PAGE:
What is a Listed Building?
A listed building is one that has been put on the Statutory List of Buildings of Special Architectural or Historic Interest and is protected by law, through the Planning (Listed Buildings and Conservation Areas) Act 1990. This list is put together by the Department of Culture, Media and Sport based on advice given by English Heritage.
A building is listed against a set of national criteria which include:
- Architectural interest
- Historic interest
- Close historical association
- Group value
There are currently three Grades of Listed Buildings
Grade I Buildings of exceptional interest and quality
Grade II* (star) Buildings of particular importance
Grade II Buildings of special interest, which warrant every effort being made to preserve them.
For further information on the listing procedure please see the National Heritage List for England
What is included in the listing?
Listing applies to the whole building including the interior and exterior, together with any outhouse, wall or other structure built before 1st July 1948 within the grounds of the building.
Undertaking works to Listed Buildings
Any works to a listed building which will affect its character or appearance will require Listed Building Consent. Like for like repairs and maintenance will not usually require Listed Building Consent but it is strongly advised that, before carrying out such works, you seek advice from the Conservation Officer.
Listed Building Consent is applied for through us, and usually takes about 8 weeks to be decided. You will need to provide full details, including drawings of the proposed works, a description of the works and a justification as to why the works are necessary. When Listed Building Consent is granted, this is often subject to conditions, such as the approval of further details including bricks and mortar, slates or tiles, and colours and finishes. Learn more about applications for Listed Building Consent and/or
Works carried out without consent, where it is required, are a criminal offence, and can be punishable by prosecution, resulting in a maximum of 6 months imprisonment and/or a fine of up to £20, 000.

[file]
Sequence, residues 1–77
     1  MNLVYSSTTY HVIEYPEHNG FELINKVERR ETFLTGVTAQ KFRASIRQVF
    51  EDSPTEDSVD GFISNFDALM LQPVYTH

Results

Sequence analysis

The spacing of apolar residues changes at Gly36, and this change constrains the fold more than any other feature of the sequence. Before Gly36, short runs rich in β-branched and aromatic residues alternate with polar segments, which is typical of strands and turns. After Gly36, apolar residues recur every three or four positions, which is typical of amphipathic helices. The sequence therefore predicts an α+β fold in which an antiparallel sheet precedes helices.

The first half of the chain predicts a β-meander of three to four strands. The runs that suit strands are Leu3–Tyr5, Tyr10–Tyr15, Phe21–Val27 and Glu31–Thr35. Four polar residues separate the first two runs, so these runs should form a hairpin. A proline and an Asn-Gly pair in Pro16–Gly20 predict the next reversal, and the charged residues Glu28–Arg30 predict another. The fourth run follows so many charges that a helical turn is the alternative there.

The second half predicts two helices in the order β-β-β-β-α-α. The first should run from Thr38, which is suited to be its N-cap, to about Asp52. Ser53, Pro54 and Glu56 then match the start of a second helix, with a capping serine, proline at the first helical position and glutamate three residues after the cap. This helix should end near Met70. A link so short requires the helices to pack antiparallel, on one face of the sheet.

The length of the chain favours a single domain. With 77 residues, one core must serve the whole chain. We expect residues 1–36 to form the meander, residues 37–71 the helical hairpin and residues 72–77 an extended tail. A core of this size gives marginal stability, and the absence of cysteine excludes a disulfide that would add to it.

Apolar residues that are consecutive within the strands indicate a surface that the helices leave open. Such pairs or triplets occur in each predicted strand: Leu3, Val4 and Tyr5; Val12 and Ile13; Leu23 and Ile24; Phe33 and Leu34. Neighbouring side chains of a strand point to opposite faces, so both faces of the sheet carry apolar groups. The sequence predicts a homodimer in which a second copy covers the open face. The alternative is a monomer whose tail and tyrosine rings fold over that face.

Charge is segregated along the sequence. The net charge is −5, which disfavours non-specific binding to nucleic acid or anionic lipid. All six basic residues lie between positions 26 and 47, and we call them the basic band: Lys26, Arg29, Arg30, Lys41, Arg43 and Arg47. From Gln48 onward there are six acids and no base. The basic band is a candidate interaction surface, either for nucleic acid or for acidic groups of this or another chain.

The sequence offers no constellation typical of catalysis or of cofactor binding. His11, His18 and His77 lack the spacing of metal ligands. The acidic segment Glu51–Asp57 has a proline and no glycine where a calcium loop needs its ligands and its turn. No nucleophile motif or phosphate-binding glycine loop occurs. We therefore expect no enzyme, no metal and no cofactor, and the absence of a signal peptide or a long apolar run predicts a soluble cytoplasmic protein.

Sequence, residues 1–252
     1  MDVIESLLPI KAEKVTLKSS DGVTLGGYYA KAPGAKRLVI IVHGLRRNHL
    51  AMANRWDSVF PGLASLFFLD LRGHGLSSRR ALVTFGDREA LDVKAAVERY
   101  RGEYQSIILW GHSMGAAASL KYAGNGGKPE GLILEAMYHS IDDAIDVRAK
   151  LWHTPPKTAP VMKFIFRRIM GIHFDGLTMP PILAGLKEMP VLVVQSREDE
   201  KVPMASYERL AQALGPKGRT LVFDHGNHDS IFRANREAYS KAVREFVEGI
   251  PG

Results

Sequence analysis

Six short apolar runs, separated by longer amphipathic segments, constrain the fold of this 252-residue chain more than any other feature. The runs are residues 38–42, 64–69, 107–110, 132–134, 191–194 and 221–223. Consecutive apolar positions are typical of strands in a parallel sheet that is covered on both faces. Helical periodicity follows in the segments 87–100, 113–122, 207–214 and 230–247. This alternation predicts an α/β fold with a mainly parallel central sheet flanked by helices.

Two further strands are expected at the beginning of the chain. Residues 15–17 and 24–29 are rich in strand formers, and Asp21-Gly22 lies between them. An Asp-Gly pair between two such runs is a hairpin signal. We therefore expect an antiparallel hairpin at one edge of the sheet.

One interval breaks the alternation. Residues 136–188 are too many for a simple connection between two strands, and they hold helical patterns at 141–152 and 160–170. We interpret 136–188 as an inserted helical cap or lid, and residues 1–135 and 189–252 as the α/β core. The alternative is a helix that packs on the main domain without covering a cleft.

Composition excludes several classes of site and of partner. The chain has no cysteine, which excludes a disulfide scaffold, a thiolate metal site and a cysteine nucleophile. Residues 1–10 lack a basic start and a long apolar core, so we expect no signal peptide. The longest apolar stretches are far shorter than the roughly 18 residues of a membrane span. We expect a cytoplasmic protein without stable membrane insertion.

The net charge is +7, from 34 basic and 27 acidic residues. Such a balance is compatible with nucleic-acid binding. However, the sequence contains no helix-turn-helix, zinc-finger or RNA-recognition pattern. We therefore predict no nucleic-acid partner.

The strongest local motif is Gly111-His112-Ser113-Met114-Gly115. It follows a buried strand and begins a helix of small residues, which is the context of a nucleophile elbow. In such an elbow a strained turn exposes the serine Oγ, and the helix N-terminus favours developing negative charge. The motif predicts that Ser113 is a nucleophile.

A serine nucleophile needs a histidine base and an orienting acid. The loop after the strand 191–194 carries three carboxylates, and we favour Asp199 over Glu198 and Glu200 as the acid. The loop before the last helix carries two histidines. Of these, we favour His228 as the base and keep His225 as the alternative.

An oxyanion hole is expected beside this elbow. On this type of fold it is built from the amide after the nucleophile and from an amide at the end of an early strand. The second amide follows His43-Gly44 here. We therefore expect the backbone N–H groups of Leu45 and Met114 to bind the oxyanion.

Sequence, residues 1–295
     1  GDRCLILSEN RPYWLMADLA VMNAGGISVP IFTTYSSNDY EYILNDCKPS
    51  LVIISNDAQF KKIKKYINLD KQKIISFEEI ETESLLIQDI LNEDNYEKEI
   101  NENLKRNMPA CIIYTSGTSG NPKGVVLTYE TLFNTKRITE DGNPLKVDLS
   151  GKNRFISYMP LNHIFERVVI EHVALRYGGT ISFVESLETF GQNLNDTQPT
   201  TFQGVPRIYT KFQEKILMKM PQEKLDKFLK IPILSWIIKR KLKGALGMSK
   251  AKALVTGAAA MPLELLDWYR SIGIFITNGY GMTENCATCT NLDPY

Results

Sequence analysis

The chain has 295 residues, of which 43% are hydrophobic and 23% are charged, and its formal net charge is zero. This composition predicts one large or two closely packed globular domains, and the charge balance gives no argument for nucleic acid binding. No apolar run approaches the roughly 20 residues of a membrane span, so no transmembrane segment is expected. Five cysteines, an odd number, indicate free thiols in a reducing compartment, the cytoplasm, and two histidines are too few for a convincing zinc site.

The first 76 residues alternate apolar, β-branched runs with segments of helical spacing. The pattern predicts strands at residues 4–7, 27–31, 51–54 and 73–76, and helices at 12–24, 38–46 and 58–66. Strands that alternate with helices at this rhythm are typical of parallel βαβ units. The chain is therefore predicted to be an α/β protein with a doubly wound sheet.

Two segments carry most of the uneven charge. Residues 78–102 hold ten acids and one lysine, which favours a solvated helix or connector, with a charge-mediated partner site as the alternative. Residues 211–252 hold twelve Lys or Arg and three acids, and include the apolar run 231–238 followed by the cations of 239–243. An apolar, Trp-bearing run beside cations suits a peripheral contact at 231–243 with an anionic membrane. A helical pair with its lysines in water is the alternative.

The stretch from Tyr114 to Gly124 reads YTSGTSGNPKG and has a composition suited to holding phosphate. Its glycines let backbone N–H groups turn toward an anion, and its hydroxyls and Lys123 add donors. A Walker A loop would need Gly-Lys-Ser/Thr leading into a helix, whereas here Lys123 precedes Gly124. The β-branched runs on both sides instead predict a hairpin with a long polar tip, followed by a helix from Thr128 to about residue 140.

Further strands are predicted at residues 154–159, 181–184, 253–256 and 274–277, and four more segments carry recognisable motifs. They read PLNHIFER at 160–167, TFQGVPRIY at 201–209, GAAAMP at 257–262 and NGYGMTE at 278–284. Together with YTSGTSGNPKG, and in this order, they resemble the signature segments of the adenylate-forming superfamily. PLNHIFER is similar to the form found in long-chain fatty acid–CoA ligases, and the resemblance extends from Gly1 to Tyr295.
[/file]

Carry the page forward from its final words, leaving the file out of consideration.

Value Added Tax (VAT)
The current position with regards to the payment of VAT on works undertaken to a Listed Building is as follows:
- Repairs to existing Listed Buildings are liable to tax at the standard rate
- Where alterations have required Listed Building Consent, this is considered as new work, and as such may be zero-rated;
- Alterations that have not required Listed Building Consent will not qualify for zero-rating, and will be subject to the standard rate of tax;
- The disposal of a protected building after it has been substantially reconstructed may be zero-rated
However, it should be noted that this is not explicit guidance, and that Listed Building Consent does not automatically make the work zero-rated. For more detailed and up-to-date guidance, you are strongly advised to check with HM Revenue and Customs.
We do not have a budget to assist owners in undertaking necessary repairs to a Listed Building.
How you can find out if your building is listed
To find out if your property is listed you can search the National Heritage List for England on Historic England's website. The lists give an estimate of the age of the buildings, with a brief description that draws attention to their notable features. These descriptions do not cover the extent of what is protected, but are for recognition purposes only.